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Home » Stories, True and Otherwise

You Never Know

Submitted by on September 11, 2015 – 9:58 AM72 Comments


I take a walk almost every day, usually early, before the day gets hot and busy.

It has its own hashtag in my IM window with Wing, where we tell each other about completed tasks and essential pictures of little hedgehogs: #oldladywalk. "Moved TGW to 10 ET. … FO pics in DB gen pop. … #oldladywalk, back in 40." The window is always open, and except for that dark side of the time-difference moon when neither of us is awake, one of us is always in it, pinning virtual notecards to the bulletin board for the other to find when she wakes up.

The #oldladywalk has a variety of routes. On weekends, I like to wander around Green-Wood Cemetery and get lost for an hour. One of the footpaths leads under a weeping beech whose branches touch the ground to create a cool, dappled cave. There is one family beneath it, interred a hundred years ago in the tree's youth; it's also where cemetery staff hides inelegant whatnots like carts and tarps, and where teenagers hide themselves, and carve their initials and private jokes into the trunk.


Weekdays, I walk a park route, down along the border of Kensington and then up through Prospect Park along the southwestern edge. It's a nice, hilly bit with a mildly aerobic flight of stone steps in the middle, and often I have it to myself, but the night shift leaves its own notecards — like the microwaves and toaster ovens you can regularly find smashed and strewn across the landing. I don't know what ritual purpose the destruction of reheating devices might serve; I just know that, every couple of weeks, I'll see an orphaned cord at the base of the steps. Once in a while, I spot a couple sleeping in one of the path turnouts, spooned together next to a fallen log. And the note rock, of course. It's naked today (well, save the Sharpie graffiti), because it rained all day yesterday, but for weeks it said something to the effect of "waited for you bozo" in yellow chalk, with an arrow pointing to the hint of a path into the underbrush.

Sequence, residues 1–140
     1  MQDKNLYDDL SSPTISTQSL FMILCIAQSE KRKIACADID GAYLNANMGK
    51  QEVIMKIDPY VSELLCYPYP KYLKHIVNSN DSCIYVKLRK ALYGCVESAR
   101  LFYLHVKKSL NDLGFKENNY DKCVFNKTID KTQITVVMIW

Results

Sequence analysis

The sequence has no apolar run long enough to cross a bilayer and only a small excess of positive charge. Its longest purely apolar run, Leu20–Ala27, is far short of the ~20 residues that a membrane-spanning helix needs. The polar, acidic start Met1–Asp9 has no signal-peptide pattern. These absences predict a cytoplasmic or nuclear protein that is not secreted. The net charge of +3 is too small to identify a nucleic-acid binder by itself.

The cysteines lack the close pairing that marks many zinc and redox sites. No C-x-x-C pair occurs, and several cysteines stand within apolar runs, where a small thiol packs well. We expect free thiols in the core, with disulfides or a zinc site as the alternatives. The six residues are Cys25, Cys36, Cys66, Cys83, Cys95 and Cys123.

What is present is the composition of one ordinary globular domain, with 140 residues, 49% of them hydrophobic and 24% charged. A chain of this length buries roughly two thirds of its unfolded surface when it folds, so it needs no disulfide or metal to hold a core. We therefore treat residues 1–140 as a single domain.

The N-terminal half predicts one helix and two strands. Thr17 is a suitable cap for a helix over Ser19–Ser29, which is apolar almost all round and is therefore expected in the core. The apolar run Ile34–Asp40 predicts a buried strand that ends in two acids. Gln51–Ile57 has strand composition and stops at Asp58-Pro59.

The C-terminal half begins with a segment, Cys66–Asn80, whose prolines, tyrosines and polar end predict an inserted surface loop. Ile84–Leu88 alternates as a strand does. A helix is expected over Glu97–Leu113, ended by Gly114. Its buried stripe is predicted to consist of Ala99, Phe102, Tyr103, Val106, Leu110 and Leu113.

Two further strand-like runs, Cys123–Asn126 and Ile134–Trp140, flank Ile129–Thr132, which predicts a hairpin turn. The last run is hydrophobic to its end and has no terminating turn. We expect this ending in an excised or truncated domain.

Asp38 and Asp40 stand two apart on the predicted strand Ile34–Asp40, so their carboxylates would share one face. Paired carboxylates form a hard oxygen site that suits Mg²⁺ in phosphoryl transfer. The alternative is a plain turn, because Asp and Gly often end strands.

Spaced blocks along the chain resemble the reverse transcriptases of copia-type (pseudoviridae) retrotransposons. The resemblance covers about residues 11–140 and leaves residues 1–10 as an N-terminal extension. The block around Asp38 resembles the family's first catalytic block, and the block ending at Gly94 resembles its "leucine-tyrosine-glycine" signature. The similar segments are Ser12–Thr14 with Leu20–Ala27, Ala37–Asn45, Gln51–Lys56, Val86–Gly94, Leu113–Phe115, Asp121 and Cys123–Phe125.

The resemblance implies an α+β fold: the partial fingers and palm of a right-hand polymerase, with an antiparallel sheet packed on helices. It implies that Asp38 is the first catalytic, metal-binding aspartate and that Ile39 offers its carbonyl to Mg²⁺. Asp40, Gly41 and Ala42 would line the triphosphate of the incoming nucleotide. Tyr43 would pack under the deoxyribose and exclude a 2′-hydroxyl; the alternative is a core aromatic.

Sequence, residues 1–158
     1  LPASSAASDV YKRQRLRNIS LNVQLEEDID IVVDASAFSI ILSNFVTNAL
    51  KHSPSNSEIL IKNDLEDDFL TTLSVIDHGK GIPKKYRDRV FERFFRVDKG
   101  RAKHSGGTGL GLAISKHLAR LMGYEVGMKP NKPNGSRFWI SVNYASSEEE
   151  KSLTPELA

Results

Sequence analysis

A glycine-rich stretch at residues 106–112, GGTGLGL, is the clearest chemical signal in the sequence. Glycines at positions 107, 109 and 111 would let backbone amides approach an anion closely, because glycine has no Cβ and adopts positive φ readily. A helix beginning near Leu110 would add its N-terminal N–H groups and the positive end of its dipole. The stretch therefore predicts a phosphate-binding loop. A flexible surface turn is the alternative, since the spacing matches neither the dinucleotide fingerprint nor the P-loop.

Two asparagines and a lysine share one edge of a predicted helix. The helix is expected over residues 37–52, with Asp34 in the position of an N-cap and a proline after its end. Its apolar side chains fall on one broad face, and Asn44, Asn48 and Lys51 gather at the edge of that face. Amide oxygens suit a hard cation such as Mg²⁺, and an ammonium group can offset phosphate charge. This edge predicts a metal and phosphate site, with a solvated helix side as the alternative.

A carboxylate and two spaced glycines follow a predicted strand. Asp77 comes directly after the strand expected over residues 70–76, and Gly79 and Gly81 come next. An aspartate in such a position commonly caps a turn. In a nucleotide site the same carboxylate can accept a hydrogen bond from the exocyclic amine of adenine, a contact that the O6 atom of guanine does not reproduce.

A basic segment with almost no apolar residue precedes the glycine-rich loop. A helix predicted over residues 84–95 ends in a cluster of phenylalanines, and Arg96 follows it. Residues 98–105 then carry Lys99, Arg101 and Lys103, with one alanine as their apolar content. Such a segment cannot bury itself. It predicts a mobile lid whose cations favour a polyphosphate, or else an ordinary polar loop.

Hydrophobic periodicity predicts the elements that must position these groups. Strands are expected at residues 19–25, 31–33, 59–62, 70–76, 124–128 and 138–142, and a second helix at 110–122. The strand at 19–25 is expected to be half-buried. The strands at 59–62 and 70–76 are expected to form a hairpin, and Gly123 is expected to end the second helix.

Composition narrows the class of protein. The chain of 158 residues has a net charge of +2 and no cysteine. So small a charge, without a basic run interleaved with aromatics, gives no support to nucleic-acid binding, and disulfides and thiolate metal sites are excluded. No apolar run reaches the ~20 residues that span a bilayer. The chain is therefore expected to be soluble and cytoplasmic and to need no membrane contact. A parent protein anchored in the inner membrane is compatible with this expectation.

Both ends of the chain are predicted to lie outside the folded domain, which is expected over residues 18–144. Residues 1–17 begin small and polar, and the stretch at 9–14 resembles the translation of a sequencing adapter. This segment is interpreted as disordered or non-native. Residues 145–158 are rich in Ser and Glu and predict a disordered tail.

I love the note rock. I love thinking about it: who is the bozo; is it "Bozo" (who wrote the note? are they friends from clown school?); what did the author wait for, and for how long; does s/he keep the chalk in the crook of a tree or carry it with him/her, or what (tree-crook storage is maybe a thing in the park; I saw a huge pair of blue sneakers off the Bartel-Pritchard entrance the other day). What other notes have appeared there? What scavenger hunts or LARPs have used it as a guide? In the room of my heart that loves codes and dead drops and the potential, no matter how remote, that any count number jotted on a sawbuck or misdelivered postcard could turn into an exciting and vaguely dangerous puzzle requiring Morse code (which I know) and an eyeglasses attachment with a lighted magnifier (which I own two of) (#oldladycrafts), I have happily cleared a space for the note rock. That room is right next door to the room where I keep unsolved mysteries: what really happened on the Lindbergh estate that night, who really killed those women in the Whitechapel district, what Lee Harvey Oswald might have said at trial, JonBenet, Bambi Bembenek, and Roanoke. My god, Roanoke. We have, like, two clues. Neither of them is helpful. We will never, ever know what became of the settlers. We know — but we don't know.